- One or more human users are part of the overall system and require interactions with the other subsystems to allow for monitoring and control.
The grand challenge is to be able to model entirely in software a range of complex systems. Two specific application milestones that would validate this achievement are the following:
- The ability to design and evaluate in software a sophisticated new weapon system, including carrying platform, sensors, weapons, communications, control systems, and human decision makers. This "prototype before build" capability (smaller-scale examples of which include Boeing's use of computer-aided design (CAD), computer-aided software engineering
- (CASE), and computer-aided manufacturing (CAM) in the design of the 777) would help the Navy to stay even with rapidly changing threats, technologies, priorities, and budgets.
- The building of a fully autonomous undersea or air vehicle to perform one mission with reasonable generality.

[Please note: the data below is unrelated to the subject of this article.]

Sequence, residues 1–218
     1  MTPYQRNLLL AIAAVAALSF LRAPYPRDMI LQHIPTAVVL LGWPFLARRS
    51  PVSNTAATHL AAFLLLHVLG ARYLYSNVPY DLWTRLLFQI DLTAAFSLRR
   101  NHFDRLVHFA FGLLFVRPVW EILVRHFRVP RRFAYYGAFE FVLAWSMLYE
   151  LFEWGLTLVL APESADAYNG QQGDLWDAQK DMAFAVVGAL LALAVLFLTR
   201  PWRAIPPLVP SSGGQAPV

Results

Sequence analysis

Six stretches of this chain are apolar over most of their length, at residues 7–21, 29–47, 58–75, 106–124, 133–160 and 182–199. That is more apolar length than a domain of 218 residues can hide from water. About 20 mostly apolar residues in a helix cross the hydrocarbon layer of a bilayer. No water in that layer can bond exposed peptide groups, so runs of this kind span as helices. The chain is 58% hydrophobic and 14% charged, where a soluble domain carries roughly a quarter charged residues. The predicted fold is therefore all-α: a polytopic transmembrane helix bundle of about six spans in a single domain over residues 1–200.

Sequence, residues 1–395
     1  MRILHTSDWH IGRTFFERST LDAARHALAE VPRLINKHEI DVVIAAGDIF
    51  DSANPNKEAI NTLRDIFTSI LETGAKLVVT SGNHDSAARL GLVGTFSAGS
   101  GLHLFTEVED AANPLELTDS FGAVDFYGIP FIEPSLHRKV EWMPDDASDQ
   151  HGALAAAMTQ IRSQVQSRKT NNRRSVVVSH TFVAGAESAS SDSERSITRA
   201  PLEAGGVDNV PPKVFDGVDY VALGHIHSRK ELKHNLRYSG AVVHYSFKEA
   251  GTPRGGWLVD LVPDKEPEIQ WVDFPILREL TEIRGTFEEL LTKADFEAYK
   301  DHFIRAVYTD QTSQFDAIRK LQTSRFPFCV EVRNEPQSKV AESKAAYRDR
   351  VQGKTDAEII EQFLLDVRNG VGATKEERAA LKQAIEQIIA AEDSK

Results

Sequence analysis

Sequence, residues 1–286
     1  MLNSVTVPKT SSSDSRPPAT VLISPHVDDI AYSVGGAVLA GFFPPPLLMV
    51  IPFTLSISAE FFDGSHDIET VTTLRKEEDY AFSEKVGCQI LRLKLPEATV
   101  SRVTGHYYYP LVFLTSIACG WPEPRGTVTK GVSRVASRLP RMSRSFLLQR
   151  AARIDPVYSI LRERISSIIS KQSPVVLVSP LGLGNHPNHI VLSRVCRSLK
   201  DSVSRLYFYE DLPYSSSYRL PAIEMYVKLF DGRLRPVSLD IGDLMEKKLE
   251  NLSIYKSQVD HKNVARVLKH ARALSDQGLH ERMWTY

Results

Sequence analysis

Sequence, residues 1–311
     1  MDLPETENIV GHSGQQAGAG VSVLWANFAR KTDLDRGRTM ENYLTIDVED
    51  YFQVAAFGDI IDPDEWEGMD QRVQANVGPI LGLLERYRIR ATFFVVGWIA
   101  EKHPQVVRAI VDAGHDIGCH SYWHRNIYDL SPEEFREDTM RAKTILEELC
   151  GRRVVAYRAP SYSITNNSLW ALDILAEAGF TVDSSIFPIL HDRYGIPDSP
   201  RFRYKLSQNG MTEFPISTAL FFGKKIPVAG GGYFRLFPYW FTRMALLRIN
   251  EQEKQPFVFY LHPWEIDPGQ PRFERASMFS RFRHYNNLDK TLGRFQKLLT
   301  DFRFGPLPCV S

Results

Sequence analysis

Desirable research objectives in this area are as follows:
- Short term—Integration of discrete, continuous, and symbolic representations of models.
- Midterm—Validation of internal consistency and completeness and against external specifications; representation and explanation of complex models to humans; and computation-constrained, satisfactorily approximate solutions based on dynamic, variable-resolution models controlled by metamodels.
- Long term—Global optimization across complex models; and very high level languages for system design (including decision-support software) and theory of model design.
Ongoing Leading-Edge Activities and Organizations
Types of ongoing research activities in this area and organizations involved are as follows:
- Knowledge representation activities—Stanford University and Carnegie Mellon University,
- Simulation/modeling activities—Bolt, Beranek and Newman Laboratories,
- Software engineering activities—Defense Advanced Research Projects Agency (DARPA) knowledge-based systems application (KBSA) centers, Kestrel Institute, University of Southern California (USC)/ISI, Stanford University, Carnegie Mellon University, and Harvard University, and
- Hardware computer-aided design (CAD) activities—DARPA centers, Stanford University, and Carnegie Mellon University.
The necessary ingredients for research in this area are summarized below: